"The madness, sheer madness of his wife, who was trying to become the president of the republic and create a dynasty. The Zimbabwean people are up to here," said Mutsvangwa, gesturing to his forehead.

Mutsvangwa vowed that the protest would be non-violent.

Zimbabwe's official newspaper, the Herald, ran photographs late on Thursday that showed a grinning Mugabe shaking hands with military chief Gen. Constantino Chiwenga, who seized power this week.

'It's like a match delayed by heavy rain, with the home side leading 90-0 in the 89th minute.' - ZANU-PF source on Mugabe's attempts to stay

The images stunned Zimbabweans who thought it meant Mugabe was managing to hold out against Chiwenga's coup, with some political sources saying he was trying to delay his departure until elections scheduled for next year.

The ZANU-PF source said that was not the case. Anxious to avoid a protracted stalemate, party leaders were drawing up plans to dismiss Mugabe on the weekend if he refused to quit, the source said.

"It's like a match delayed by heavy rain," the source told Reuters, "with the home side leading 90-0 in the 89th minute."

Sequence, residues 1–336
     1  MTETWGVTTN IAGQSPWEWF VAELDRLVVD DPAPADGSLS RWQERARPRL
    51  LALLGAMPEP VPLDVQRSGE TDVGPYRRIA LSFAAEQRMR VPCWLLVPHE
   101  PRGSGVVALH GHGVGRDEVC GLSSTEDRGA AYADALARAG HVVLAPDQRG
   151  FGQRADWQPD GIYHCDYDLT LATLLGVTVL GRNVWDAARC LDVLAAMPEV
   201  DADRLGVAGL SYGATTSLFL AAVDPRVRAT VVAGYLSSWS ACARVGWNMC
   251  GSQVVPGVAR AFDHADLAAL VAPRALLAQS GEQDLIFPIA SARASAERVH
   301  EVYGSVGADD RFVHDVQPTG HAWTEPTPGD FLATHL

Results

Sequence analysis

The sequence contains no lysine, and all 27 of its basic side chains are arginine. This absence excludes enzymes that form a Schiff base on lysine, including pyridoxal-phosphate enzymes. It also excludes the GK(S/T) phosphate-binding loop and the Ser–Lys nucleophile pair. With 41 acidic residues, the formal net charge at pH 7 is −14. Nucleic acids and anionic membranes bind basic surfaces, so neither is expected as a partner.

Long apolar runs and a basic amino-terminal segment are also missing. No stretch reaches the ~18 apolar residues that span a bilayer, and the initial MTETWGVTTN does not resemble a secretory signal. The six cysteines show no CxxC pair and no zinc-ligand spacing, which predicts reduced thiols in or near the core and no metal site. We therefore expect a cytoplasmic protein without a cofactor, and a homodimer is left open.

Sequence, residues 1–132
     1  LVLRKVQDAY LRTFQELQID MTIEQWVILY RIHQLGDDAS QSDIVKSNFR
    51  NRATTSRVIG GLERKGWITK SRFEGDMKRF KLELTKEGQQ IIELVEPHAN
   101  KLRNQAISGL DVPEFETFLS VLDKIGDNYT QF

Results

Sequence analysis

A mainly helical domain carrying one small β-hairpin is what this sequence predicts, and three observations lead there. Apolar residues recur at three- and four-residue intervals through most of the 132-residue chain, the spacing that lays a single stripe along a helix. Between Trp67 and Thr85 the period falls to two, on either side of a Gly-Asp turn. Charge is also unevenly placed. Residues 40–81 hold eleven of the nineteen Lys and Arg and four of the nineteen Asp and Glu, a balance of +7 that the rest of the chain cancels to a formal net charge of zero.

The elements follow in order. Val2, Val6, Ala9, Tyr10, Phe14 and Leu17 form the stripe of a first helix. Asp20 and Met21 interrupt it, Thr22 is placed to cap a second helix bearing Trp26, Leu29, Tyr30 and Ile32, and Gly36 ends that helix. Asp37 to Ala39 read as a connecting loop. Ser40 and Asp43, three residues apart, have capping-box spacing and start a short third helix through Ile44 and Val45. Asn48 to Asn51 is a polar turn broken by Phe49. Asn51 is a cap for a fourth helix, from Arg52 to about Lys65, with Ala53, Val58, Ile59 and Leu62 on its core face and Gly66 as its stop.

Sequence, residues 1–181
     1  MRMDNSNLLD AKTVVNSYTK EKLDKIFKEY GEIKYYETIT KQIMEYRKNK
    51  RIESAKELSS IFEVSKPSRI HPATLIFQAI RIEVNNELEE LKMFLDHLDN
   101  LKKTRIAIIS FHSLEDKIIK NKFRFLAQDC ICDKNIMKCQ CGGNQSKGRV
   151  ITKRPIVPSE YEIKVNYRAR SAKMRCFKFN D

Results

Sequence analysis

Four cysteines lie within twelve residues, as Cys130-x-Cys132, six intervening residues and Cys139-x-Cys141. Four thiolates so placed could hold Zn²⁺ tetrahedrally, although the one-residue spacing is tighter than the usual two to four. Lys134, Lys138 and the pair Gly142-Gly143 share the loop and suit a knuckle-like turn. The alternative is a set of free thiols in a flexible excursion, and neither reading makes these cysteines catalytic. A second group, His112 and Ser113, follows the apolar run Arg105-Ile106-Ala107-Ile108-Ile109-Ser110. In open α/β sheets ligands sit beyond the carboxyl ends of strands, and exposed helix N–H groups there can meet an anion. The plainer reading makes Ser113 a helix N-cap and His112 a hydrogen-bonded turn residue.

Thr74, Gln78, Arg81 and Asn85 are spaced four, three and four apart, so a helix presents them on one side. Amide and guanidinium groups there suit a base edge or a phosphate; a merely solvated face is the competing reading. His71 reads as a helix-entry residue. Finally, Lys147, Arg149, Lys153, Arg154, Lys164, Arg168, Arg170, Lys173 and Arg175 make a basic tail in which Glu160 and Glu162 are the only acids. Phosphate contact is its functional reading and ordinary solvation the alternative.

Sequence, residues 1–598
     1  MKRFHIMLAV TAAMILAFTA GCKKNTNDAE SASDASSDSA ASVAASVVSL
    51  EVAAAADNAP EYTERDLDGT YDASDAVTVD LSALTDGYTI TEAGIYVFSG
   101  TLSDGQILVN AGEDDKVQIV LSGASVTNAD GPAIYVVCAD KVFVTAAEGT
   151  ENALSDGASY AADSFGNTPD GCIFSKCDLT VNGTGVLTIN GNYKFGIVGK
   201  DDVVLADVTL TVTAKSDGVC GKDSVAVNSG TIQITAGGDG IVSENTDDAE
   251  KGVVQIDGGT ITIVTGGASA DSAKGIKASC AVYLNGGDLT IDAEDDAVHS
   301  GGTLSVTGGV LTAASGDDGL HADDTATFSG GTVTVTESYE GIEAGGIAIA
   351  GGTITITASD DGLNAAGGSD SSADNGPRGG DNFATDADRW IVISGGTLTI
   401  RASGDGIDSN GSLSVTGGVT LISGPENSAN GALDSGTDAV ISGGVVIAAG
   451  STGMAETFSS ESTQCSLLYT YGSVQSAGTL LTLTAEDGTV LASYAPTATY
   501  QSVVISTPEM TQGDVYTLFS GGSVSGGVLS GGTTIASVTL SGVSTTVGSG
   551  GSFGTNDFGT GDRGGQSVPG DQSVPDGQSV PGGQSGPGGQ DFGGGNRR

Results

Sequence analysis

The CBC's Margaret Evans is in Zimbabwe. Speaking to Suhana Meharchand on CBC News Network, Evans said all 10 regional bodies of ZANU-PF have held Mugabe non-confidence votes. She said the party is "asking him to step down, saying he's too old to carry out his duties." 

 

Evans said Zimbabweans are both confused and frustrated by the in-between state of their nation's leadership. "People have been expecting that the next thing they'd hear from him is that he's leaving."

Evans also said that while Zimbabweans look at Mugabe "as a bit of a joke because he falls asleep at international meetings," some still fear reprisals from speaking out against his notoriously brutal government.

Mugabe's options limited

But Mugabe's options look limited. The army is camped on his doorstep. His wife is under house arrest, and her key political allies are in military custody. She was nowhere to be seen at Friday's graduation ceremony.

The police, once a bastion of support, have showed no signs of resistance.

Furthermore, Mugabe has little popular backing in the capital, a hotbed of support for the opposition, which has tapped into the anger and frustration at his handling of the economy, which collapsed after the seizure of white-owned farms in 2000.

Calls for Mugabe's removal signals change in Zimbabwe7:41

Unemployment is now running at nearly 90 per cent. Chronic shortages of hard currency are driving up the price of imports as much as 50 per cent a month.

On social media, Zimbabweans circulated a spoof message to Chiwenga demonstrating the depth of anger at Mugabe.

Does Canada have a role in Zimbabwe's crisis?6:36

"If Mugabe refuses to resign, let the army take him to First Street and leave him there. People of Zim will negotiate with him," the message read.​

 

With files from the CBC's Margaret Evans and Lily Martin